A conceit of “mad scientist” types in comics is that they invent these amazing gadgets that can never be replicated. Well, why not? As mentioned, stories like “Girl Genius” tell us that the inventor is somehow warping reality, and that’s not really something you can build a factory to replicate.

I try to be a little more respectful of the integrity of the cosmos here, so the reasons why the world isn’t filled with hypergenius inventions comes down to reasons like these:

The inventor doesn’t want the thing replicated, and has taken steps to ensure that. This is where Dr. Chin would add self-destruct devices to his gadgets before Byron Quill got his hands on them, and that’s why Jason had to sprint out of the base just ahead of the onrushing fireball.

The would-be replicators can’t figure out the key features or processes that makes the gadget work. All of Leo’s gadgets are grounded in real science - I’ve made sure of that. Carbon allotropes, graphene batteries, etc. are all theoretically possible. We might be able to build a robot as strong and tough as Summer. But Leo did. How? By arranging these things in the specific ways that made them work. If Saito’s scientists pull the X-18 suit apart, can they figure that out? Maybe, maybe not. Leo doesn’t seem too worried about it, but maybe he should be?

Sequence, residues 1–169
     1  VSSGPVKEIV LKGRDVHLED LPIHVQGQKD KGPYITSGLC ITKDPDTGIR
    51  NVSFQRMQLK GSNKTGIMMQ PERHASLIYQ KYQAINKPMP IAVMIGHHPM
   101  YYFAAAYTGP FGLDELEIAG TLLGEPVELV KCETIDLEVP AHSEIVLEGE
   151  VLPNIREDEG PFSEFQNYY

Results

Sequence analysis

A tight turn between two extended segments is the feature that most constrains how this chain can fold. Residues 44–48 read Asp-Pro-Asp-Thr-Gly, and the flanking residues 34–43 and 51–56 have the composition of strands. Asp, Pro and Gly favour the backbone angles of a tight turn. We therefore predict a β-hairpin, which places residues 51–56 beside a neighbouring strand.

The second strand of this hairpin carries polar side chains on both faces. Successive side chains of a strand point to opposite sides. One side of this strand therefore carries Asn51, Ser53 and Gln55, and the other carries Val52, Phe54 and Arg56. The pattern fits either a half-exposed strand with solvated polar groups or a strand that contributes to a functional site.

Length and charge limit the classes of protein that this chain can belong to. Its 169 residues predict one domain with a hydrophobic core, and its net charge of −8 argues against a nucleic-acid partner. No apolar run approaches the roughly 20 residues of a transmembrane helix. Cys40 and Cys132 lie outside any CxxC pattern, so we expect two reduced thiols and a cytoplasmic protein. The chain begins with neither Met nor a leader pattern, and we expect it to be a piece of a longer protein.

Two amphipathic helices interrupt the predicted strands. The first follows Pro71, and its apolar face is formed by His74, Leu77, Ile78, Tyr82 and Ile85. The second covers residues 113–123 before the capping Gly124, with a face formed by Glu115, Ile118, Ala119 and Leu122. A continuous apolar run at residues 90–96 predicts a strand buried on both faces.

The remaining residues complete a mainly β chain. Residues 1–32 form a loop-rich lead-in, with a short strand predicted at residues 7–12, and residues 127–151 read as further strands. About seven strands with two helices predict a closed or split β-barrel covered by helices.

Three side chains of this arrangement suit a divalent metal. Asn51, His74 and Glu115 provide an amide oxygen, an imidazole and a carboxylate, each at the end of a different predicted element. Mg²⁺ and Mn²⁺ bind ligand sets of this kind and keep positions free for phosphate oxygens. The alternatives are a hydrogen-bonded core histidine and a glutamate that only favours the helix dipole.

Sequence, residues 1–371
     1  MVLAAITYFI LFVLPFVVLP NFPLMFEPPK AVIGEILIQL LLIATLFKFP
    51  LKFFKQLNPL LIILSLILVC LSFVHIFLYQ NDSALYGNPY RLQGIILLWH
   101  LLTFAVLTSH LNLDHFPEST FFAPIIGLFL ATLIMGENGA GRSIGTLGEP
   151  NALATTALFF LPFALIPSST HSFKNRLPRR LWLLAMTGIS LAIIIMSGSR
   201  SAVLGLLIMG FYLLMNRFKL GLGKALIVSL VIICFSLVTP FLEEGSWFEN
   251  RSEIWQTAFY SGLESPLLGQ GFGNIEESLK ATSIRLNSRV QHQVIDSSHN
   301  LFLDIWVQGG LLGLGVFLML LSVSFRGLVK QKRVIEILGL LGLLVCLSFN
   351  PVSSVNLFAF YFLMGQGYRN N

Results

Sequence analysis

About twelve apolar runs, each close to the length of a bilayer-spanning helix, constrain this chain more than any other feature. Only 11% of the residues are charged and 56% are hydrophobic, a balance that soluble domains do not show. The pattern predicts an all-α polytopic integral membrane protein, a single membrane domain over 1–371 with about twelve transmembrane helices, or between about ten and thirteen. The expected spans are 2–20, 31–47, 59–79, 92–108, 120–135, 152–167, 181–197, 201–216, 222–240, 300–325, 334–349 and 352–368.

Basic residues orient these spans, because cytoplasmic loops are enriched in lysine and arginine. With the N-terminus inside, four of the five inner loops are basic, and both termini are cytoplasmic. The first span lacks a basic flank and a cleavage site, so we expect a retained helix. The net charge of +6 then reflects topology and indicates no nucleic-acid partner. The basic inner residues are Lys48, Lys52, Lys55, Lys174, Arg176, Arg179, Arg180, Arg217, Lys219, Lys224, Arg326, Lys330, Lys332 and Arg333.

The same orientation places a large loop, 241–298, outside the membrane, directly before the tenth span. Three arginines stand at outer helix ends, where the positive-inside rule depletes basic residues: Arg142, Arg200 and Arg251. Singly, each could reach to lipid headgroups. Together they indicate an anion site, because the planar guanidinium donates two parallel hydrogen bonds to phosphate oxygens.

Someone or something is stopping the effort. Maybe Sidorov built a hundred hover-tanks, and maybe he had a factory to make ten more every day - except a rival bombed the shit out of it, and the hypertech needed to make the factory was extremely expensive. And part of AEGIS’s mandate is to roll up on reckless inventors and take appropriate action.

The inventor wants replication, but isn’t in a position to arrange it yet. Leo wants to profit off his carbon tech, mostly by selling cheap and durable construction materials. But he doesn’t have the marketing muscle or influence to do this yet. Aria is working on it, but she’s got a limited reach of her own.